Tuesday, May 5, 2015

"Thank you, Shakespeare, for my life."

by David Blixt, Finalist in the M.M. Bennetts Award for Historical Fiction

I always hated Shakespeare.

They made me read him. In junior high, it was Julius Caesar. In high school, first it was Romeo & Juliet (which was cool only because we wasted a week watching the movie), then it was Henry IV Part One, to which I said ‘You’ve got to be kidding’ and scraped through by listening to class discussions.

The Bard of Avon and I were not friendly. Which is why it’s so wonderfully ironic that he now dominates my life.

At the end of high school, I had a choice between a reading-Shakespeare and an acting-Shakespeare class. I was already acting, so the choice was easy. As it happened, the teachers had chosen Romeo & Juliet that year, mainly because they had a Juliet in mind. I remembered from the film that Mercutio was the best part in that show, and after auditioning against the rest of the class, I landed the part.

It was somewhere in the middle of rehearsals when I realized that my teachers had been holding out on me. You don’t read Shakespeare – you perform him. It’s not literature to be scanned, but language to be spoken by real, living, breathing people. What language! What power! What humanity!

Thus started my love affair with the Bard of Avon. Today I am a Shakespearean actor, something I would never have believed in my youth. Moreover, after giving me a career, Billy Shakes did me one better and introduced me to my wife. I met Jan playing Petruchio to her Kate in The Taming of the Shrew, giving us banter material for the rest of our lives.

And then, as if all that were not enough, Shakespeare got me to write novels.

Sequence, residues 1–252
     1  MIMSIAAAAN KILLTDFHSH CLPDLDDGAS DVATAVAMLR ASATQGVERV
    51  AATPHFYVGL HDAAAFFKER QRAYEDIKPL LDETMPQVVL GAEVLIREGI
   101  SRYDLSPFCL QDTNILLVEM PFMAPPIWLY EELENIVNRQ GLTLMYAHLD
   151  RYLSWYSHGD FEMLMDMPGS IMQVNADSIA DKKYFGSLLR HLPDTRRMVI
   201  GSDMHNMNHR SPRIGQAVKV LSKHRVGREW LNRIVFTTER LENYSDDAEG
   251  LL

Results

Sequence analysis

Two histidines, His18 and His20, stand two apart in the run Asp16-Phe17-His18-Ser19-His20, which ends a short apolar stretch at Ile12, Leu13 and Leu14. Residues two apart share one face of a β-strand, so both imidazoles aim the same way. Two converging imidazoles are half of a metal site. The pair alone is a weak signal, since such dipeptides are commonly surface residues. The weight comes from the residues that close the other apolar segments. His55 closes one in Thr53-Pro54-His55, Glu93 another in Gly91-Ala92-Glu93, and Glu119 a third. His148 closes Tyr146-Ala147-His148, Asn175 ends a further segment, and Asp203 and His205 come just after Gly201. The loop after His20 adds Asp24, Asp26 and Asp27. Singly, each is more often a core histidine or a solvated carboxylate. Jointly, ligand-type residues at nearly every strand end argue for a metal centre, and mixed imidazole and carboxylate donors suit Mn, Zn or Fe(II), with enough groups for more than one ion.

Once again it starts with Romeo & Juliet. I’ve long been of the opinion that directors miss the point of the show. I like to compare it to the premiere of Snow White and the Seven Dwarves in 1937. Before the film was released, it was called ‘Disney’s Folly.’ Who was going to sit through a feature-length cartoon? Insanity! But grown men and women left the premiere of the film crying, the critics went nuts with praise, every song became a top 10 hit, and theatre owners were forced to change seat-covers after every showing because of kids wetting themselves in terror and joy. No one had ever seen anything like it.

That’s what I think Romeo & Juliet was for the mid-1590s. It’s not a Tragedy, it bears no resemblance to Hamlet or Othello or the Scottish Play. It’s something much worse – a Comedy that goes wrong. The horror lies in the fact that first the play makes us laugh, then pulls the rug out, leaving us all confused and bewildered.

I expressed my views a few times, and suddenly found myself approached to direct the show. Warily, I accepted. It was my first time directing Shakespeare. I read old versions of the play and Shakespeare’s source materials. I pored through the whole text in a way I’d never done as an actor. Poking around for lines to cut, I found something.

I found a cause for the feud.

The cause is never actually mentioned in the play, and it’s not vital to either the actor’s or the audience’s understanding of the show. At the top of Act One, the ‘ancient grudge’ is established fact.

I was cutting the script for length and was doing well when I reached the final scene. Paris is slain, Romeo and Juliet both snuff it – we’re firmly into the denouement. Suddenly a line leapt out at me. Capulet and his wife find their daughter's bleeding body. Romeo’s father, Lord Montague, enters to tomb, and the Prince addresses him: ‘Come, Montague, for thou art early up / To see thy son and heir now early down.’